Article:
Maryland stay-at-home order: What’s allowed

(WTOP/Brett Snyder)

Maryland Gov. Larry Hogan announced a stay-at-home order Monday, ushering in more restrictions on D.C.-region movement in an attempt to slow the spread of the deadly coronavirus.

This is a shift from asking residents to stay home to demanding it.

Hogan’s order goes into effect at 8 p.m. and explicitly states that people are not supposed to leave their homes except for such essential purposes that are deemed essential, such as getting food, medicine or reporting to work.

See the governor’s full order here.

Essential activities listed by Hogan’s order include getting supplies or services for yourself, your family or your pets. That includes health care. And if you need to travel to an educational facility to either receive meals or to pick up distance-learning materials, you’re also exempt.

That includes:

  • Obtaining necessary supplies or services for one’s self, family, household members, pets or livestock, including, without limitation, groceries, supplies for household consumption or use, supplies and equipment needed to work from home, laundry and products needed to maintain safety, sanitation and essential maintenance of the home or residence.
  • Engaging in activities essential for the health and safety of one’s self, family, household members, pets or livestock, including such things as seeking medical or behavior health or emergency services, and obtaining medication or medical supplies.
  • Caring for a family member, friend, pet or livestock in another household or location, including, without limitation, transporting a family member, friend, pet or livestock animal for essential health and safety activities, and to obtain necessary supplies and services.
  • Traveling to and from an educational institution for purposes of receiving meals or instructional materials for distance learning.
  • Engaging in outdoor exercise activities, such as walking, hiking, running or biking, but only in compliance with the order on gatherings of 10 or more and by applying social distancing guidelines from the state health department and the Centers for Disease Control and Prevention.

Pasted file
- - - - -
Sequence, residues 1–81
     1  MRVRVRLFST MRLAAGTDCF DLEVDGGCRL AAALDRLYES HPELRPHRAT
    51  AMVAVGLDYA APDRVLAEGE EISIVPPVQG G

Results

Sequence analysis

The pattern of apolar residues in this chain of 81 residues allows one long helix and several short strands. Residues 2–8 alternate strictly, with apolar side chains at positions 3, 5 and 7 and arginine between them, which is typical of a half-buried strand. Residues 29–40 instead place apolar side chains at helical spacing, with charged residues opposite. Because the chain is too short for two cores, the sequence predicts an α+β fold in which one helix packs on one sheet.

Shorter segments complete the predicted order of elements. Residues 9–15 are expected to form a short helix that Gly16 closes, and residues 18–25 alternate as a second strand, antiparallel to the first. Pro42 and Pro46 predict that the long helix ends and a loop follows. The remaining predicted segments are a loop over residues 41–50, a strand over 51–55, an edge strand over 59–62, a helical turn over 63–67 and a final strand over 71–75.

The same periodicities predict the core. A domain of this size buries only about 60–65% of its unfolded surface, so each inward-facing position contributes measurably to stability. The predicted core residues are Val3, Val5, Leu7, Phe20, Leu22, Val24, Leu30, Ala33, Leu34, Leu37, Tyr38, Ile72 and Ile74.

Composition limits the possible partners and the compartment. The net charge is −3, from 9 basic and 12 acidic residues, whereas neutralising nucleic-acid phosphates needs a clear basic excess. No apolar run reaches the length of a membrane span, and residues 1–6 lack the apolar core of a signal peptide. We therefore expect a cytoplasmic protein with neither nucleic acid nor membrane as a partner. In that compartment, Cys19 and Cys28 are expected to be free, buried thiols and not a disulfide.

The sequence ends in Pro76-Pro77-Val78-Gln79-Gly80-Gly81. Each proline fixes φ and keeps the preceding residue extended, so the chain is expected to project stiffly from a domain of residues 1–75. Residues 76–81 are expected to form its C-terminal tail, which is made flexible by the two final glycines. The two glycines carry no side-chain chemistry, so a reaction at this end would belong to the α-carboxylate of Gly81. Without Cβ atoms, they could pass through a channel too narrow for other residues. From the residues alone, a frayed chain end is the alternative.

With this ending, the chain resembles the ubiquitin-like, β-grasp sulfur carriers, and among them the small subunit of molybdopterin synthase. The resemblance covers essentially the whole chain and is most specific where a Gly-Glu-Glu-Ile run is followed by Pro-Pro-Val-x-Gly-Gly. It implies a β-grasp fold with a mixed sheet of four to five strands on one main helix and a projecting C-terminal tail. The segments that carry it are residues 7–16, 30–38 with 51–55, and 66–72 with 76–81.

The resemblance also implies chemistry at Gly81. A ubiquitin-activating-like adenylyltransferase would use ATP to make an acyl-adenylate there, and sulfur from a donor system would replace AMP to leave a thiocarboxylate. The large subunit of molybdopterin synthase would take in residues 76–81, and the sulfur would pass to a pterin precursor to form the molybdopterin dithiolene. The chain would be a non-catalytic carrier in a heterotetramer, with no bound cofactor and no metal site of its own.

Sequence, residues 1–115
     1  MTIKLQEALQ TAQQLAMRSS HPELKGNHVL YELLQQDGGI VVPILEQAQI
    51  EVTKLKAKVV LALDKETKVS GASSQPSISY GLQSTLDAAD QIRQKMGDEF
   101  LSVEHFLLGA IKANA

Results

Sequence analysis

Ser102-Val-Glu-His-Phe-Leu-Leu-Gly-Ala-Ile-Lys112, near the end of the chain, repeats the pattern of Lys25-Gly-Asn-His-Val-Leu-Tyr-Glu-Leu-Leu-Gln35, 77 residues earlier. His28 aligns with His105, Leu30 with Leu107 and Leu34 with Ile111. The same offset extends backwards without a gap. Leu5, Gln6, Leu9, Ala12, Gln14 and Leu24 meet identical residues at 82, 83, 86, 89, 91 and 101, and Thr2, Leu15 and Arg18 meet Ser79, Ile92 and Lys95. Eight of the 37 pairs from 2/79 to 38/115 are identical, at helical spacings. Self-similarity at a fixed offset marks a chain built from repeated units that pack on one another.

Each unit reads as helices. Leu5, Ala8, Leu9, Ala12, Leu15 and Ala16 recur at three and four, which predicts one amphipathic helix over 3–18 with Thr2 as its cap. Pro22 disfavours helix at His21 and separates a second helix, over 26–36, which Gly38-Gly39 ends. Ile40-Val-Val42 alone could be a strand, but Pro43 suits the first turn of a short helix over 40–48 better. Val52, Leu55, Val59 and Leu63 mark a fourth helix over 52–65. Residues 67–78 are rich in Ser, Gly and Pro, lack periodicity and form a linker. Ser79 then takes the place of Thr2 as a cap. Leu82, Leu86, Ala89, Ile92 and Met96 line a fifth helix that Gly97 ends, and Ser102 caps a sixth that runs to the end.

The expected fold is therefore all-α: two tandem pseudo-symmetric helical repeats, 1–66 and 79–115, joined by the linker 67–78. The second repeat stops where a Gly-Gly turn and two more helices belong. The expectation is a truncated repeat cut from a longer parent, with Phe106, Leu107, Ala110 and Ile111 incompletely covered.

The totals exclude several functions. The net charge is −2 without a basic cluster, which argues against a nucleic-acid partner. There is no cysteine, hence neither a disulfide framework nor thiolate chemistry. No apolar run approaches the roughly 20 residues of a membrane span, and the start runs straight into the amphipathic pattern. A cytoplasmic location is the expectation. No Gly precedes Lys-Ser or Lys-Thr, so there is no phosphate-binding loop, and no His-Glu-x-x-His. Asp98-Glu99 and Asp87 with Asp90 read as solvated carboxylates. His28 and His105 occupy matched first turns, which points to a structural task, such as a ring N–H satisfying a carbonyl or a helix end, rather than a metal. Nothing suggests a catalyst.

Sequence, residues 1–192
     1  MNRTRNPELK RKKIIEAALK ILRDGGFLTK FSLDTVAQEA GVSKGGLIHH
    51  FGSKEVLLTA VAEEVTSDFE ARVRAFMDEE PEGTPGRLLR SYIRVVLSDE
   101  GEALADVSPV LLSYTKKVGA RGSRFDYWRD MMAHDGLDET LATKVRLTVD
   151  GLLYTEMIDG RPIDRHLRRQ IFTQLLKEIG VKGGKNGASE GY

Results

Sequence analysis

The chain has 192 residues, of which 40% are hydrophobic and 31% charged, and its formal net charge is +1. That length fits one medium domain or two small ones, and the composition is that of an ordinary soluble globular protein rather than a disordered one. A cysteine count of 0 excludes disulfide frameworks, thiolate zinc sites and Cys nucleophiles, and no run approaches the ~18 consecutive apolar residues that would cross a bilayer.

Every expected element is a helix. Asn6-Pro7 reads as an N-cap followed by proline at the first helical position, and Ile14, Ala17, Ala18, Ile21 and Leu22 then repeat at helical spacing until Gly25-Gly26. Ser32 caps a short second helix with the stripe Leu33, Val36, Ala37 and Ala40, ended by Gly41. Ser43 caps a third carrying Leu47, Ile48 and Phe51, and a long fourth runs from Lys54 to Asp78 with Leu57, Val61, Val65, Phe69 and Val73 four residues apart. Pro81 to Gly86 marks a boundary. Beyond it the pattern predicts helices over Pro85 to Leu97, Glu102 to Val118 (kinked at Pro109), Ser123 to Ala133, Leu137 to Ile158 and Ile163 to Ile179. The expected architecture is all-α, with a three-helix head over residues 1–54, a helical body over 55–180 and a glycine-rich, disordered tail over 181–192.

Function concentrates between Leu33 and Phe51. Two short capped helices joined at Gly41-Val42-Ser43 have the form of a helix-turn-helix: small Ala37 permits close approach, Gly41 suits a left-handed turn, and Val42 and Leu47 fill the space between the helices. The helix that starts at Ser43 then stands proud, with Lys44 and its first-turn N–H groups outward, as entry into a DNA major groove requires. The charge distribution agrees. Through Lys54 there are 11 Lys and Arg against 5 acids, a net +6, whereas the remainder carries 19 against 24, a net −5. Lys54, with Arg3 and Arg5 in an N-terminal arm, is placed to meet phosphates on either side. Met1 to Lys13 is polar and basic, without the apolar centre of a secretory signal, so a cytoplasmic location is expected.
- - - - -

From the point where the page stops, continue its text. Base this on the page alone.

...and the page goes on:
• Travel required by a law enforcement officer or court order.
  • Traveling to and from a federal, state, or local government building for a necessary purpose.

“No Maryland resident should be leaving their home unless it is for an essential job or for an essential reason, such as obtaining food or medicine, seeking urgent medical attention or for other necessary purposes,” Hogan said Monday.

“This is a deadly public health crisis. We are no longer asking or suggesting that Marylanders stay home. We are directing them to do so.”

A stay-at-home order isn’t quite the same as a shelter-in-place order.

Shelter-in-place orders are generally issued when there’s a more immediate threat, like a tornado or shooter. But that doesn’t mean residents should shrug at the situation.

“For those who still refuse to take this pandemic seriously, and those who are still downplaying the severity of this crisis, Dr. Anthony Fauci, the nation’s top infectious disease expert, said yesterday that we could expect millions of cases in the United States and 100,000 deaths,” Hogan said.

“To put that in perspective, that would mean more American deaths than the Vietnam War and the Korean War added together.”

Virginia and D.C. have also both issued stay-at-home orders.


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Will Vitka

William Vitka is a Digital Editor and reporter for WTOP.com. He's been in the news industry for over a decade. Before joining WTOP, he worked for CBS News, Stuff Magazine, The New York Post and wrote a variety of books—about a dozen of them, with more to come.

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